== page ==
seed plants, they are heterosporous, having two spore types, microspores (male) and megaspores (female) that are typically produced in pollen cones or ovulate cones, respectively.[29] The exception is the females in the cycad genus Cycas, which form a loose structure called megasporophylls instead of cones.[30] As with all heterosporous plants, the gametophytes develop within the spore wall. Pollen grains (microgametophytes) mature from microspores, and ultimately produce sperm cells.[29] Megagametophytes develop from megaspores and are retained within the ovule. Gymnosperms produce multiple archegonia
, which produce the female gamete.

During pollination, pollen grains are physically transferred between plants from the pollen cone to the ovule. Pollen is usually moved by wind or insects. Whole grains enter each ovule through a microscopic gap in the ovule coat (

Genetics

The first published sequenced genome for any gymnosperm was the genome of Picea abies in 2013.[33]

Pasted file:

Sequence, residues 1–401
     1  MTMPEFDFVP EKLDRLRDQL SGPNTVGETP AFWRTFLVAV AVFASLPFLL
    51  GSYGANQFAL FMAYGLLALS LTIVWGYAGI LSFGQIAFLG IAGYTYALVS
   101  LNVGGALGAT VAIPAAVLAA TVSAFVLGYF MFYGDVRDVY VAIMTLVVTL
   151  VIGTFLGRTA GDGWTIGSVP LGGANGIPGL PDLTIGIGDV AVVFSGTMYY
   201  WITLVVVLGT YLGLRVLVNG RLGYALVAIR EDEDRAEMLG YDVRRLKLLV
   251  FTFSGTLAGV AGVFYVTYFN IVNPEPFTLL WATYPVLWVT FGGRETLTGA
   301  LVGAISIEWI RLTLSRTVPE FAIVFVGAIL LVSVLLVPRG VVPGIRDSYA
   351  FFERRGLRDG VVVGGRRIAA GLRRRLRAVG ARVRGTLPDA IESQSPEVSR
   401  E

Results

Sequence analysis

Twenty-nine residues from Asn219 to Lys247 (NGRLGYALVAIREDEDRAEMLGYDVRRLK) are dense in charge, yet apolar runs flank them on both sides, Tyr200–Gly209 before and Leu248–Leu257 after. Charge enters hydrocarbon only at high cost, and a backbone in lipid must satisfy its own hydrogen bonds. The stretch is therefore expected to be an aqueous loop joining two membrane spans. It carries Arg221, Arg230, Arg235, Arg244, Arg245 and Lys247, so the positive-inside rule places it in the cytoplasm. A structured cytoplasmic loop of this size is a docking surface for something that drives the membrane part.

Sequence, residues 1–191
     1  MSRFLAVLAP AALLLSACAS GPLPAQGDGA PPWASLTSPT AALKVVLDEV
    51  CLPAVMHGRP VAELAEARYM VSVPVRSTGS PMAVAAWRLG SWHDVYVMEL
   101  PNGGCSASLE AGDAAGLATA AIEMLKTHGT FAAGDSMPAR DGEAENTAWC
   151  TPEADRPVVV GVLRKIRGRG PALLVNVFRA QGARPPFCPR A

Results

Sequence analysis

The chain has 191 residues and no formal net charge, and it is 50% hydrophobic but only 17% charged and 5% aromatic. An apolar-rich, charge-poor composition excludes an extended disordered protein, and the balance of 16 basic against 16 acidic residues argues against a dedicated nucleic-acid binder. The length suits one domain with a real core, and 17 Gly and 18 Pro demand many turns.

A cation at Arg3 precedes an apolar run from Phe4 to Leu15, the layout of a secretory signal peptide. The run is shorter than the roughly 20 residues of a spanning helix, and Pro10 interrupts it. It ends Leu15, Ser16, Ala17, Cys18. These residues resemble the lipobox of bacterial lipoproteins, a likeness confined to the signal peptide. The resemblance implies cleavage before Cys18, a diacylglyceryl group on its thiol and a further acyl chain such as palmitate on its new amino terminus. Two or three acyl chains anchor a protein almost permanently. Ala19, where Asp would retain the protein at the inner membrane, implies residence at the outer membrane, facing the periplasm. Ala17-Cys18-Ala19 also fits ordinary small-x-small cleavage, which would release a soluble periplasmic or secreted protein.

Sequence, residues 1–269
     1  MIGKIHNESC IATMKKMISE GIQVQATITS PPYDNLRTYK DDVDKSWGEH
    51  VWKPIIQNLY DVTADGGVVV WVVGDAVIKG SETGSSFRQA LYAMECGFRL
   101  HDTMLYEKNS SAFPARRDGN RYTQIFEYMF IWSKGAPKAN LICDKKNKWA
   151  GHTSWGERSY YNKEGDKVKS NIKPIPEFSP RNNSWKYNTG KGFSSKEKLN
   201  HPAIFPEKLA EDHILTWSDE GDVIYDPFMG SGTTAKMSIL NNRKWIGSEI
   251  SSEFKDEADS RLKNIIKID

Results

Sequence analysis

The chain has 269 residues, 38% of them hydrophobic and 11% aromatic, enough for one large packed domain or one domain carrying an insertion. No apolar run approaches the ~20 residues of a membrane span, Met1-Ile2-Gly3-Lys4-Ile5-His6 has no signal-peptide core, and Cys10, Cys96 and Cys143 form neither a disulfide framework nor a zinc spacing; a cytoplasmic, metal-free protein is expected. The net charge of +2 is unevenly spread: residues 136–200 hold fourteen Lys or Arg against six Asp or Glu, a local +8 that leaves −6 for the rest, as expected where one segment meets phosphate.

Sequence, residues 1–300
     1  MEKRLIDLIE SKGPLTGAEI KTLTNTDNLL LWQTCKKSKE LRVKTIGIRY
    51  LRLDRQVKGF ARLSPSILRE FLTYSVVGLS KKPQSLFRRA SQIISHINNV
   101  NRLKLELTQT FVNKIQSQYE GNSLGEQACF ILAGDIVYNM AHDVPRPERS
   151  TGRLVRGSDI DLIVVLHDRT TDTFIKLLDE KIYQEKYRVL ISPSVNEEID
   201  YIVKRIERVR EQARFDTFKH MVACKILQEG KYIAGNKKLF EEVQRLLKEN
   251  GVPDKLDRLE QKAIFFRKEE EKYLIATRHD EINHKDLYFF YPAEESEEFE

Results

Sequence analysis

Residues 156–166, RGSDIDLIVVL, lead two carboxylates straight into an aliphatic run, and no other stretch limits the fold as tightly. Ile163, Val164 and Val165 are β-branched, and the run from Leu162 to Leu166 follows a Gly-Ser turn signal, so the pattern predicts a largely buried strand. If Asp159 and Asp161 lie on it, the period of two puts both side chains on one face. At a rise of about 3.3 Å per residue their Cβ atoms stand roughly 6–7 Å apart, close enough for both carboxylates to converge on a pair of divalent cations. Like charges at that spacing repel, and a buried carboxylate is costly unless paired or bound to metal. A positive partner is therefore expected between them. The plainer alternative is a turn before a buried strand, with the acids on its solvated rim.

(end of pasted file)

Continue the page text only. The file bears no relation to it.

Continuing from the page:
Uses

Gymnosperms have major economic uses. Pine, fir, spruce, and cedar are all examples of conifers that are used for lumber, paper production, and resin. Some other common uses for gymnosperms are soap, varnish, nail polish, food, gum, and perfumes.[34]

References

  1. S2CID 249117306
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  2. ^ a b c "Gymnosperms on The Plant List". Theplantlist.org. Archived from the original on 2013-08-24. Retrieved 2013-07-24.
  3. PMID 35967253
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  4. ^ a b Raven, P.H. (2013). Biology of Plants. New York: W.H. Freeman and Co.
  5. S2CID 90740232
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  18. ^ A. Farjon, ed. (2006). "Conifer database". Catalogue of Life: 2008 Annual checklist. Archived from the original on January 15, 2009.
  19. ^ Campbell, Reece, "Phylum Coniferophyta."Biology. 7th. 2005. Print. P.595
  20. ISSN 1476-4687
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  25. ^ Cantino 2007.
  26. ^
    S2CID 86797396
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  27. .
  28. .
  29. ^ a b Samantha, Fowler; Rebecca, Roush; James, Wise (2013). "14.3 Seed Plants: Gymnosperms". Concepts of Biology. Houston, Texas: OpenStax. Retrieved 31 March 2023.
  30. PMID 35437001
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  31. . Retrieved 26 March 2022.
  32. . Gymnosperm seeds.
  33. .
  34. .

General bibliography

External links